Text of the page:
## Revision as of 02:07, 21 July 2010

 External Turbulent Flow/Heat Transfer
Mixing length model.

The mixing length model proposed by Prandtl is the simplest turbulent model. The distinctive feature of turbulent flow is the existence of eddies and vortices so that the transport in the turbulent flow is dominated by packets of the molecules, instead of the behavior of individual molecules. Considering a turbulent flow near a flat plat as shown in the figure to the right, the mixing length can be defined as the maximum length that a packet can travel vertically while maintaining its time averaged velocity unchanged. The concept of mixing length for turbulent flow is similar to the mean free path for random molecular motion. When a fluid packet located at point A travels to point B by moving upward a distance that equals the mixing length, l, its time-averaged velocity should be kept at $\bar{u}$ according to the definition of mixing length. On the other hand, the time-averaged velocity at point B is $\bar{u}+(\partial \bar{u}/\partial y)l$ according to the profile of the time-averaged velocity (see the figure).

Therefore, the packet must have a negative velocity fluctuation equal to $-(\partial \bar{u}/\partial y)l$ in order to keep its time averaged velocity unchanged. Thus, the fluctuation of the velocity component in the x-direction is:

 ${u}'=-l\left( \frac{\partial \bar{u}}{\partial y} \right)$ (1)

When the velocity component in the x-direction has the above negative fluctuation, the velocity component in the y-direction must have a positive fluctuation, v', with the same scale, i.e.,

 ${v}'=Cl\left( \frac{\partial \bar{u}}{\partial y} \right)$ (2)

where C is a local constant. Thus, the time-average of the product of the velocity fluctuations, $\overline{{u}'{v}'}$, must be negative for this case. Similarly, we can also analyze motion of the fluid packet from point B to point A, in which case u' will be positive and v' will be negative. Therefore, $\overline{{u}'{v}'}$ must be negative for any cases. Combining eqs. (1) and (2) yields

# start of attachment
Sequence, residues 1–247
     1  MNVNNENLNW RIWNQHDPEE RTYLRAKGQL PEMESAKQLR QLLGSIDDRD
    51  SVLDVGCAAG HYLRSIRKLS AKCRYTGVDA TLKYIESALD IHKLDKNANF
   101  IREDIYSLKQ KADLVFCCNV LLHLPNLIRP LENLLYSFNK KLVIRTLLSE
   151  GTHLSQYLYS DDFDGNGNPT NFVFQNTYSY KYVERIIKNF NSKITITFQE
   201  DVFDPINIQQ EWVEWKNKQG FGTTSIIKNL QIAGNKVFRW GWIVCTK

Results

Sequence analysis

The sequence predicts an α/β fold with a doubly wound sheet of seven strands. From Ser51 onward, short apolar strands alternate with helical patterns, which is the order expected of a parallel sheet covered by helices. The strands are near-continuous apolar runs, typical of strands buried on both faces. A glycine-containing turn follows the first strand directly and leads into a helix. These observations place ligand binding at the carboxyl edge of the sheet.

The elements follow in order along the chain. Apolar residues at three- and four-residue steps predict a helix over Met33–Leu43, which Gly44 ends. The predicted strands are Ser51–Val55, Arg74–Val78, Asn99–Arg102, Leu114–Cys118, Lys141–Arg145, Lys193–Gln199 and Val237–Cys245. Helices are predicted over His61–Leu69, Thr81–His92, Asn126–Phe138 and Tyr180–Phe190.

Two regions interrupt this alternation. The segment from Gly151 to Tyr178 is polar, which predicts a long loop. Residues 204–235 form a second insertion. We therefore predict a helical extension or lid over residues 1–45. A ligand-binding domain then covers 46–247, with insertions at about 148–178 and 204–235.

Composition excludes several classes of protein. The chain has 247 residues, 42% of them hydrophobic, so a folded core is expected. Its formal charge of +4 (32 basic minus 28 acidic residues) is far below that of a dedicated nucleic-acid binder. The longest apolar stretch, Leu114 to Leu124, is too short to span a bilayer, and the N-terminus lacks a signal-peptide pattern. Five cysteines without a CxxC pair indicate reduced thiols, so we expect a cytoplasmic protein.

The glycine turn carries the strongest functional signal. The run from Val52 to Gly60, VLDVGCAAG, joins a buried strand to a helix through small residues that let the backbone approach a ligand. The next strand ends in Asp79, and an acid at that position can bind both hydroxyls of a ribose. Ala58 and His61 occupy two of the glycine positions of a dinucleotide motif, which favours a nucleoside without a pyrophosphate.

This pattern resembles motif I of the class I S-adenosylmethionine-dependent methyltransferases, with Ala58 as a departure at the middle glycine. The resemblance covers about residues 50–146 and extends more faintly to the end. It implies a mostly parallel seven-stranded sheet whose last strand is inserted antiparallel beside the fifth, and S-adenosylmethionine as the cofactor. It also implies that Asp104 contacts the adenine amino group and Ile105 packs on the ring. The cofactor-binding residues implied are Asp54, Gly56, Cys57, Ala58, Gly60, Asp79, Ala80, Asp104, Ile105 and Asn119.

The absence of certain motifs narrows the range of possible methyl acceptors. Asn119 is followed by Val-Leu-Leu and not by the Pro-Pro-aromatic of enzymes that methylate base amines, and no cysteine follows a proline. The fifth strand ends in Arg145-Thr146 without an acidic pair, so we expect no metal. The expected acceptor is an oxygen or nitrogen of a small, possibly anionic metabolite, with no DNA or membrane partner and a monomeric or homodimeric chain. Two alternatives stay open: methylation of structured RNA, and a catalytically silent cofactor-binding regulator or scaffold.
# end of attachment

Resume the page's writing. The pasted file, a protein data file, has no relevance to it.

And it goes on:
$-\overline{{u}'{v}'}=Cl^{2}\left( \frac{\partial \bar{u}}{\partial y} \right)^{2}$

Since l is still undetermined, it will be beneficial to absorb C into l and yield

 $-\overline{{u}'{v}'}=l^{2}\left( \frac{\partial \bar{u}}{\partial y} \right)^{2}$ (3)

It follows from the definition of the eddy diffusivity that

 $\varepsilon _{M}=l^{2}\left| \frac{\partial \bar{u}}{\partial y} \right|$ (4)

where the absolute value is to ensure a positive eddy diffusivity. While the general rule for determining the mixing length, l, is lacking, the mixing length for turbulent boundary layer cannot exceed the distance to the wall. Therefore, we can assume:

 $\begin{matrix}{}\\\end{matrix}l=\kappa y$ (5)

where κ is an empirical constant with order of 1, and is referred to as von Kármán’s constant. Equation (5) is valid only if κ is really a constant. Substituting eq. (5) into eq. (4), the eddy diffusivity of momentum becomes

 $\varepsilon _{M}=\kappa ^{2}y^{2}\left| \frac{\partial \bar{u}}{\partial y} \right|$ (6)

Substituting eq. (6) into eq. (4) of Algebraic Models for Eddy Diffusivity, the shear stress in the two-dimensional turbulent flow becomes

 $\bar{\tau }_{yx}=\rho \left( \nu +\kappa ^{2}y^{2}\left| \frac{\partial \bar{u}}{\partial y} \right| \right)\frac{\partial \bar{u}}{\partial y}$ (7)